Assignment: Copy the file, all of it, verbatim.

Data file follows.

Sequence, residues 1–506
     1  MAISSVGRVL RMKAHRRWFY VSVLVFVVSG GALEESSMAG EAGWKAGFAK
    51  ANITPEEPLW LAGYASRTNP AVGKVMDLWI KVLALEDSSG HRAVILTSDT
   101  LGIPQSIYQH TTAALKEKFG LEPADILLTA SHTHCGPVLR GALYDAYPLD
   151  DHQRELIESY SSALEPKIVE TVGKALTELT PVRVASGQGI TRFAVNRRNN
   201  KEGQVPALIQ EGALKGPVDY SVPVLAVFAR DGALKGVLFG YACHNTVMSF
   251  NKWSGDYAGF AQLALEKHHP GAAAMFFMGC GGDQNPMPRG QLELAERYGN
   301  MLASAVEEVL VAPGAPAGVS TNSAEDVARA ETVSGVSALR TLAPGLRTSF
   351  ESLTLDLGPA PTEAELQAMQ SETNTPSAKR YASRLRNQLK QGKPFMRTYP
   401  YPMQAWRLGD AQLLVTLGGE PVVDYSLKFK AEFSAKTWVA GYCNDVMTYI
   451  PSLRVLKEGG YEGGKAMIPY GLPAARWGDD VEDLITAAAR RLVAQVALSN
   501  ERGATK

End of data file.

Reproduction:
Sequence, residues 1–506
     1  MAISSVGRVL RMKAHRRWFY VSVLVFVVSG GALEESSMAG EAGWKAGFAK
    51  ANITPEEPLW LAGYASRTNP AVGKVMDLWI KVLALEDSSG HRAVILTSDT
   101  LGIPQSIYQH TTAALKEKFG LEPADILLTA SHTHCGPVLR GALYDAYPLD
   151  DHQRELIESY SSALEPKIVE TVGKALTELT PVRVASGQGI TRFAVNRRNN
   201  KEGQVPALIQ EGALKGPVDY SVPVLAVFAR DGALKGVLFG YACHNTVMSF
   251  NKWSGDYAGF AQLALEKHHP GAAAMFFMGC GGDQNPMPRG QLELAERYGN
   301  MLASAVEEVL VAPGAPAGVS TNSAEDVARA ETVSGVSALR TLAPGLRTSF
   351  ESLTLDLGPA PTEAELQAMQ SETNTPSAKR YASRLRNQLK QGKPFMRTYP
   401  YPMQAWRLGD AQLLVTLGGE PVVDYSLKFK AEFSAKTWVA GYCNDVMTYI
   451  PSLRVLKEGG YEGGKAMIPY GLPAARWGDD VEDLITAAAR RLVAQVALSN
   501  ERGATK